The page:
The new feed center will significantly expand the UI’s capabilities in animal nutrition space, which is critical for developing new diets that utilize novel ingredients, improve production efficiency in livestock and poultry, and enhance the health and wellbeing of animals, including dogs and cats,” Rodney Johnson, head of the Department of Animal Sciences at UI, said in a press release.

The facility will be capable of delivering 8,000 tons of specialized small-batch research diets per year, along with numerous interdependent capabilities integrated to provide full system services. These include production and storage of grain and forages; storage of specialized diet ingredients; precise diet formulations; milling; ingredient processing; and pre-mixing, mixing, pelleting, extruding, crumbling, bagging, and delivery of animal diets for research.

Labor issues at feed mill

“Why are there protesters standing along South Race Street where the new feed mill is being built by the UI?”

“Our biggest complaint is that they’re not using local labor. You can take a look at the parking lot and the license plates come from a multitude of states and not one from Illinois,” said Mike Wombles, business agent for Operating Engineers Local 841. “We want local jobs for local people. That’s our complaint.”

Union officials met Thursday with the general contractor on the project, ASI Industrial of Billings, Mont.

“They (ASI) did agree to take a look at a PLA, a project-labor agreement, but they basically told us they need to keep this crew working so they’d be ready to go to Louisiana with their next project. So they don’t really care about local workers here.”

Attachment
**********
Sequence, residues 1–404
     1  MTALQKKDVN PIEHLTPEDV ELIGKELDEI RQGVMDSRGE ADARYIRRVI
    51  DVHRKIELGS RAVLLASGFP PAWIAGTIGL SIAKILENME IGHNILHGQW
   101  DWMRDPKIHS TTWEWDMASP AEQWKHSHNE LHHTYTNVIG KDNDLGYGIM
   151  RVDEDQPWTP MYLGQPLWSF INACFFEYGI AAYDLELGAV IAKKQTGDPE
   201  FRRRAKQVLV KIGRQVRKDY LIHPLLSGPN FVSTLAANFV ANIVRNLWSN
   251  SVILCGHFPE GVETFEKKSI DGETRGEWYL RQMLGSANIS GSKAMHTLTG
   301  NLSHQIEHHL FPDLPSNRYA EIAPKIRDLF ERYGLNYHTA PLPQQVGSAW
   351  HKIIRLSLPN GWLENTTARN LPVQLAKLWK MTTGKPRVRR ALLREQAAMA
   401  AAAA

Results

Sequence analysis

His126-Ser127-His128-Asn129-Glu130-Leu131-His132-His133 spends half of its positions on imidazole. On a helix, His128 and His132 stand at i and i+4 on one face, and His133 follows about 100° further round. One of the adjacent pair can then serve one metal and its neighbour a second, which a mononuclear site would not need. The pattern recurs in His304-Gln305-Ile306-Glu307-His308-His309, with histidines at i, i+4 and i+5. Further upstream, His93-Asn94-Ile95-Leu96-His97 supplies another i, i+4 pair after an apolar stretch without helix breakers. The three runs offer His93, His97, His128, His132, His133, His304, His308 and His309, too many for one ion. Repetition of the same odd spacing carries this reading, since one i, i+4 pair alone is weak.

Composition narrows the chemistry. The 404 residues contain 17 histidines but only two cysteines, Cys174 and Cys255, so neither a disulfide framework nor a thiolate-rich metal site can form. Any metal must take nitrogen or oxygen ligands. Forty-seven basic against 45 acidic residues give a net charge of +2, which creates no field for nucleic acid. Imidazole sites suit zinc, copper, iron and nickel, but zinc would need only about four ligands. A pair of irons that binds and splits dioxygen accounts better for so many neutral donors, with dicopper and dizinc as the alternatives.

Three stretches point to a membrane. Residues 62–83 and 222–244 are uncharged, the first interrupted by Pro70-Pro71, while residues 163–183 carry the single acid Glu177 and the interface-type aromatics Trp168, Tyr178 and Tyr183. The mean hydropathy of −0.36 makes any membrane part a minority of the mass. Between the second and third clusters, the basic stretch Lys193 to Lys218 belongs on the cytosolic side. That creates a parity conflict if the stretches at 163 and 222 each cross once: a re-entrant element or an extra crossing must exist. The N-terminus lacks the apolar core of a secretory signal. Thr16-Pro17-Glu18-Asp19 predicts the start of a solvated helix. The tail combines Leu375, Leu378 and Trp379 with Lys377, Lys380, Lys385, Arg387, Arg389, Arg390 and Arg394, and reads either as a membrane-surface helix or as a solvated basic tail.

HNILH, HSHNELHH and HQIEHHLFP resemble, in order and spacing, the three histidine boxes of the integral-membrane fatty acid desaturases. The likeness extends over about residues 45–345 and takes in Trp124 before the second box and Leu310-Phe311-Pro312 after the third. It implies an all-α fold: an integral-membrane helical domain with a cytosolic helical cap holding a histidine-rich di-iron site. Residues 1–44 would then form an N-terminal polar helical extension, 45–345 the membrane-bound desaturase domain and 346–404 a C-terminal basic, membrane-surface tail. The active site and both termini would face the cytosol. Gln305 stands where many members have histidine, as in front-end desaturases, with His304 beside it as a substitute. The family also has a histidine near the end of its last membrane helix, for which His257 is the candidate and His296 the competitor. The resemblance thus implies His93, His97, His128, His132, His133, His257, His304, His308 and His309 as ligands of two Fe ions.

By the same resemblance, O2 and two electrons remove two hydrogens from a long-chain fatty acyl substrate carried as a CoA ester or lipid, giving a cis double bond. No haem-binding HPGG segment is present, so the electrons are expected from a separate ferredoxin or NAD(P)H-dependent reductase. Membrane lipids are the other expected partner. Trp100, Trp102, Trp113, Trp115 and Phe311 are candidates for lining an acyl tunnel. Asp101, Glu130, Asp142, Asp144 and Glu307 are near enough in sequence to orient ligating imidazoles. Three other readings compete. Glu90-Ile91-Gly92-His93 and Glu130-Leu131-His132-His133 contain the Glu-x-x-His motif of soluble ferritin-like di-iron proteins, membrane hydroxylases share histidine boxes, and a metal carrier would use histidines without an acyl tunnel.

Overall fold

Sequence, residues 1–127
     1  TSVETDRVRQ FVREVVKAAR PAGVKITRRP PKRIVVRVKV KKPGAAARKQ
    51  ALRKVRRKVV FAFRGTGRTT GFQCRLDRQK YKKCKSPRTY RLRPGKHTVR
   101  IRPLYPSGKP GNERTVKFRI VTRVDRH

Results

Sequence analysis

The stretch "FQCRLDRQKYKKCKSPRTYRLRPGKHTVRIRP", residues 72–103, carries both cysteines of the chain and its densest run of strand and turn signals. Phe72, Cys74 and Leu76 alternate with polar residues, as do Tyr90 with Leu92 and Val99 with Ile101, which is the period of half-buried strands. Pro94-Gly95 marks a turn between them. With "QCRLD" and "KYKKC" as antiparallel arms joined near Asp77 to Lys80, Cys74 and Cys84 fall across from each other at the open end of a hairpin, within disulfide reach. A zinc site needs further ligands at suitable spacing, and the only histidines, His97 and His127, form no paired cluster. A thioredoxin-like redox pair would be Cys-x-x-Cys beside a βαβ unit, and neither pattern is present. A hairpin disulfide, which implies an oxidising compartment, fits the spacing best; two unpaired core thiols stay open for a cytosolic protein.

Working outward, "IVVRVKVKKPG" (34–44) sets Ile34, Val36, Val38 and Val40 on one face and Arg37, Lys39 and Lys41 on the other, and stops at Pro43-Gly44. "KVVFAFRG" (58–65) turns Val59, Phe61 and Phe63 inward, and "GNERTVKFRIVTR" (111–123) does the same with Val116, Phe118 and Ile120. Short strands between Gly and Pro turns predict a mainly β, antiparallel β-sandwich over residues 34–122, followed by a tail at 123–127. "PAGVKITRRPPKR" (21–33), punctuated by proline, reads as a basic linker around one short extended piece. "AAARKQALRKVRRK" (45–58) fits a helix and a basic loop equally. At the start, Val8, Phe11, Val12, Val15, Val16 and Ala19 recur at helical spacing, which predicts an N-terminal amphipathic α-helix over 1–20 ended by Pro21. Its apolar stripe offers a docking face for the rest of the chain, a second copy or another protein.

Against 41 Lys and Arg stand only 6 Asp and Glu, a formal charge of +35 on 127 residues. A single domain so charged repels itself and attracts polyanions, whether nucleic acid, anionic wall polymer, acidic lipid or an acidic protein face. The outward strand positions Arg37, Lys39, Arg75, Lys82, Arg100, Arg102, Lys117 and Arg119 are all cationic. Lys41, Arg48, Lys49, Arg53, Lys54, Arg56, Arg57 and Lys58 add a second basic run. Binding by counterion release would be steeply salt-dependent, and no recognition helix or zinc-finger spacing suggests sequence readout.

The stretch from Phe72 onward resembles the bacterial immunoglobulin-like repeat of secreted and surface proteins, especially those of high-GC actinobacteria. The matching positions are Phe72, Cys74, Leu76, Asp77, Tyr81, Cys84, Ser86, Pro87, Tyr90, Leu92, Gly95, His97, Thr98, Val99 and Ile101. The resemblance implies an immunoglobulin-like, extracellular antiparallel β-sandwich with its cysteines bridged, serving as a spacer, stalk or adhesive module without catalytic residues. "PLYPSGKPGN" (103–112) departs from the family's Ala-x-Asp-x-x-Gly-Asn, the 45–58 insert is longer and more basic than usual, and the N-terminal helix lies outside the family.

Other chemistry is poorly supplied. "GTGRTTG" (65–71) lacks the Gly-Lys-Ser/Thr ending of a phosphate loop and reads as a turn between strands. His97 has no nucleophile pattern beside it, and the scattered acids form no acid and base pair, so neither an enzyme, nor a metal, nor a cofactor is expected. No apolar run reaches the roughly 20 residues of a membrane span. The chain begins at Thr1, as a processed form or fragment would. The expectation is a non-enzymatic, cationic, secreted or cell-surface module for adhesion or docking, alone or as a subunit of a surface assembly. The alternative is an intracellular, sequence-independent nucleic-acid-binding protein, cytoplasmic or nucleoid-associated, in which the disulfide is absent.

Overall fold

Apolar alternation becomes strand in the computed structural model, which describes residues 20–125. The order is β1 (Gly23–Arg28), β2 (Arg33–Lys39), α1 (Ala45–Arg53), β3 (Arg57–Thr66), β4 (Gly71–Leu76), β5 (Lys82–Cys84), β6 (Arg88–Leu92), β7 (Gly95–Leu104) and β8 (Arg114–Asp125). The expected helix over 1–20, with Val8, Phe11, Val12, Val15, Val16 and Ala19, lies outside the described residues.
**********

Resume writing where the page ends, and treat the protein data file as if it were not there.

A project-labor agreement, according to the state of Illinois, is a comprehensive pre-hire collective bargaining agreement negotiated between a project’s owner (the University of Illinois in this case) and an appropriate labor organization (a construction trades council) which sets out the basic terms and work conditions for the project.

Here’s what UI spokeswoman Robin Kaler said:

“This is a university project that is being developed as a public-private partnership. The construction phase is being conducted by a private developer who was awarded the project through an open, competitive bidding process that followed all state regulations. As part of this bid, the developer is required to adhere to all applicable state, federal and university standards, including paying the current prevailing wage. There have been some protesters present near the site. The protesters are allowed to picket as long as they do not impede the construction process or interfere with traffic or pedestrian access. The University of Illinois Police Department has met with both the construction company and the protestors so that everyone understood the conditions to ensure a safe environment.”

Batestown Road

“Early this year there was a statement made in The News-Gazette about repairing a section of Batestown Road by the old Diamond Grade School. It is in desperate need of repair. Is it still in the plans to be repaired?”

“We are currently in the design phase,” said Vermilion County Engineer Adrian Greenwell. “We hope to have the plans ready for construction next year.”